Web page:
Or I'll be in church, listening to the preacher pray for everything else under the sun, and I'm thinking, "If he only knew who I was! He's certainly be thanking God for everything I provide the world (that God so loveth) via my blog."

And now I have Number 2 to think about, the fact that even the Russians are checking me out! So who says detente, the SALT talks, perestroika, and the arms race weren't good things? They kept us alive long enough, despite our fear at the time of mutual assured destruction, to now have this new age of mutual assured something else -- blog reading.

I might become the dictator (benevolent) of the world if this keeps up. Because there's millions of them and only one of me. They'll want me for the Beloved Leader as sure as anything. Then I (or one of my security doubles) can ride in a big car, with motorcycles riding along side, and they'll be tossing me flowers and big wet hand kisses. It'll be great.

No one knows the fear I had of Russians when I was a kid. In the '60s I literally slept under my bed because we thought they were coming. I was one of the kids you heard about who peed the floor.

But then everything thawed out when Nixon stole Khrushchev's shoe during the kitchen debate and buried it, and now we can live in peace, harmony, and camaraderie.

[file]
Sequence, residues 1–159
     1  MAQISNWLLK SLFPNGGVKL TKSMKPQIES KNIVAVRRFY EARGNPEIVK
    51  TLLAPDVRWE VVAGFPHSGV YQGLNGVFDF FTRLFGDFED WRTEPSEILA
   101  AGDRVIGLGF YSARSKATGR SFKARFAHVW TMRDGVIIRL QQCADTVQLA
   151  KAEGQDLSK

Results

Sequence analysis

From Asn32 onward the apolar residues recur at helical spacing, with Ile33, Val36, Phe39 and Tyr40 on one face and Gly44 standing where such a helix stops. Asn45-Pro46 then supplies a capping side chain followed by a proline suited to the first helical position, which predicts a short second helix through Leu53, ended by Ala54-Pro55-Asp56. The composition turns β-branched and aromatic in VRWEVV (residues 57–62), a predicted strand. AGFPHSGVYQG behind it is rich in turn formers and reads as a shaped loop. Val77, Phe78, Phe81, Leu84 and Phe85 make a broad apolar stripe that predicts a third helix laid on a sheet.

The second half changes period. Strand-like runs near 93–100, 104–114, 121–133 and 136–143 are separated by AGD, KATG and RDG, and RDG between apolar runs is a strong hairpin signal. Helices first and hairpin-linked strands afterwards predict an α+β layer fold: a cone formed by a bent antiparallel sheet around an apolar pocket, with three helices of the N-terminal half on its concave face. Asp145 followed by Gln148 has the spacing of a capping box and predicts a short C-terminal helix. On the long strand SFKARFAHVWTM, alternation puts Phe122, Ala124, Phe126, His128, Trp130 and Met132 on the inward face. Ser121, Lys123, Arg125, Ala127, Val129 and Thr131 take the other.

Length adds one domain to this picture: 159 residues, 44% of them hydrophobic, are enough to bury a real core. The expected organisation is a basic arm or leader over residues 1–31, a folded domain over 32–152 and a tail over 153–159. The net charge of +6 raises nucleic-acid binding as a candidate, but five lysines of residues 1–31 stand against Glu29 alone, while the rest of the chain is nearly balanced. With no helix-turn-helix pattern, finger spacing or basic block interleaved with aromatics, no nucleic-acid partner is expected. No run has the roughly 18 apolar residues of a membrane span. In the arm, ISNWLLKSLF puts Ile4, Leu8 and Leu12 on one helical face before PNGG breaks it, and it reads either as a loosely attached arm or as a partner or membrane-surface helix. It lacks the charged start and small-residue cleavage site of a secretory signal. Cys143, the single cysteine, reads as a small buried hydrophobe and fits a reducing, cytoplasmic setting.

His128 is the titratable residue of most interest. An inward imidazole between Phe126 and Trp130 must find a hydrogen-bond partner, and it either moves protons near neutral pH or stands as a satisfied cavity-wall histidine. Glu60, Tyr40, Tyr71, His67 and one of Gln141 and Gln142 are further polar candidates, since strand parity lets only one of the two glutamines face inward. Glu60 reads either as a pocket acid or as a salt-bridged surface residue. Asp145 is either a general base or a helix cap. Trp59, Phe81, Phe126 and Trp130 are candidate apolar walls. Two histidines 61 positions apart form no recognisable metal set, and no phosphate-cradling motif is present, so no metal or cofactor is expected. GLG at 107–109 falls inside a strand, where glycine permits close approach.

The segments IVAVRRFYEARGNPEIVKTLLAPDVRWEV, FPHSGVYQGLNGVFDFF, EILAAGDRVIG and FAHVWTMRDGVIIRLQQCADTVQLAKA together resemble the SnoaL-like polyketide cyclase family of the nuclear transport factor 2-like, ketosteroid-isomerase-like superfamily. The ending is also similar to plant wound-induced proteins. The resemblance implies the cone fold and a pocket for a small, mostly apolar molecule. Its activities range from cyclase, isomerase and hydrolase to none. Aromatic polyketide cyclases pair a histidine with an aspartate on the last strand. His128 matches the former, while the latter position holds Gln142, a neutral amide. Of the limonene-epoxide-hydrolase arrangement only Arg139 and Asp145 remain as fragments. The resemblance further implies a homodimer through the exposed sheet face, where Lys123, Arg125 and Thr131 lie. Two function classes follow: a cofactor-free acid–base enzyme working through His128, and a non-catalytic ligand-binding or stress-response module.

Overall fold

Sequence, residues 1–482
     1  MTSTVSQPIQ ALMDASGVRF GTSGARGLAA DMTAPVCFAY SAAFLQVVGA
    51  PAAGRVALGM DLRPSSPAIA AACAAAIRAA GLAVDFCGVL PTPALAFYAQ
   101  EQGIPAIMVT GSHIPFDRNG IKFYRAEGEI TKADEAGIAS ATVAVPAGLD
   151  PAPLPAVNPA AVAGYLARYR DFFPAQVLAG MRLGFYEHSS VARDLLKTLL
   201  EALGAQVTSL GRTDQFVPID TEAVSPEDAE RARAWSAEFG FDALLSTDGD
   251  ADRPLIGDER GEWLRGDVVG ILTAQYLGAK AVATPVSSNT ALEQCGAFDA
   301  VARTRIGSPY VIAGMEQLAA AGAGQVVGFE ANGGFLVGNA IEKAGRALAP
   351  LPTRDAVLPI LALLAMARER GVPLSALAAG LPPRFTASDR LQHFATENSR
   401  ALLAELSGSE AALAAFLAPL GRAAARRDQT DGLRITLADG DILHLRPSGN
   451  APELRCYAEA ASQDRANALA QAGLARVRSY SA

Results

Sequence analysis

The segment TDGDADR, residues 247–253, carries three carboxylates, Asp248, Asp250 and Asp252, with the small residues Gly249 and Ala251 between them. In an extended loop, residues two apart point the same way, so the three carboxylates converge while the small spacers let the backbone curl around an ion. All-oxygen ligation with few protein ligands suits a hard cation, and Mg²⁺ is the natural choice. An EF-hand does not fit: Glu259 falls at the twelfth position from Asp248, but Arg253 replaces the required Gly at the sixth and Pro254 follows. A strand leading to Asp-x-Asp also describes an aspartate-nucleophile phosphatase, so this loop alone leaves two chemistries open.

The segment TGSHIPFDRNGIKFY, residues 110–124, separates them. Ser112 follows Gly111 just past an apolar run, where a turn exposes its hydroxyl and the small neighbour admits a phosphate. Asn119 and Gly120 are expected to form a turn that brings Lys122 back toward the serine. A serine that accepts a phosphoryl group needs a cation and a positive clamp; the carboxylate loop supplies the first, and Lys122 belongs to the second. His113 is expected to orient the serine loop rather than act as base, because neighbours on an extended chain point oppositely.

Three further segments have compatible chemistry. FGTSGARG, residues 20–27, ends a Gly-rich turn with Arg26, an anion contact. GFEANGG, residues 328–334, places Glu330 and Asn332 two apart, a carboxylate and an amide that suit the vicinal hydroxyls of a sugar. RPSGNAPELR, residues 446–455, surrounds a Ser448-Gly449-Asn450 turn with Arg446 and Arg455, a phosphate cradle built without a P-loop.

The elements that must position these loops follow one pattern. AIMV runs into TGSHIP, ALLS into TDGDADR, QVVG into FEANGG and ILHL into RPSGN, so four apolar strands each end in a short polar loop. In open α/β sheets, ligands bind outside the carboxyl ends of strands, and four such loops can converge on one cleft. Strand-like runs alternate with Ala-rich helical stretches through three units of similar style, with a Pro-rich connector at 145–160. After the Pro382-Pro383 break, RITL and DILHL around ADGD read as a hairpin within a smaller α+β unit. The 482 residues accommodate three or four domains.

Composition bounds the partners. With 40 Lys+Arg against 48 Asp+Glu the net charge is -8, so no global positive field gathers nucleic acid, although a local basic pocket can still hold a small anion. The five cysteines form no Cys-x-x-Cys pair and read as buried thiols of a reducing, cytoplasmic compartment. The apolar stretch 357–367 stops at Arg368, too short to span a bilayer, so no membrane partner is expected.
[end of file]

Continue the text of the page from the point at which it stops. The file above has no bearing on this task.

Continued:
Monday, March 1, 2010

More On My Hypothetical Debtor And Getting Paid Back

It's hard to believe I was writing about this way back in January. That is, the hypothetical case of someone who would want to borrow some money, of course with the promise of paying you back. On a particular date in February, let's say.

In January I was thinking about the psychology of possibly getting them indeed to pay you back. Because these things obviously have to be finessed, or you'll be high and dry, in a conflict and out. But let's say the particular date in February has come and gone and that I am still sitting here on March 1, wondering what happened.

What if I was thinking about calling the guy? Then what if I decided against it? Then what if within five minutes of thinking that the guy called me? Isn't that wild? I think that's an amazing coincidence, and a very helpful one at that. Because, in this scenario, that tells me that he still has the best of intentions, even if the original date came and went.

Someone who wasn't going to pay you back, yet had promised that it'd be on a particular date in February, wouldn't be calling you on March 1 with more assurances. It just wouldn't happen. I would definitely see it as a positive sign. Let's say he promised to pay it back on March 18, then amends that to "or March 25 at the latest." That would still be very positive.

You never know about human nature. I could easily picture him running for the hills. Maybe I would've thought that if the February date had slipped by without any notice. But sometimes people do surprise you. Rarely, but sometimes.

One of the things I remember reading about James Joyce was how much money he owed people. I don't remember the particulars, but I can imagine him hitting up someone for a few bucks here and there, then avoiding them so he wouldn't be called on it. Maybe that's why he knew Dublin so well, because of all the places he ducked in to keep from meeting his creditors.

I hope my hypothetical guy is more honest than James Joyce.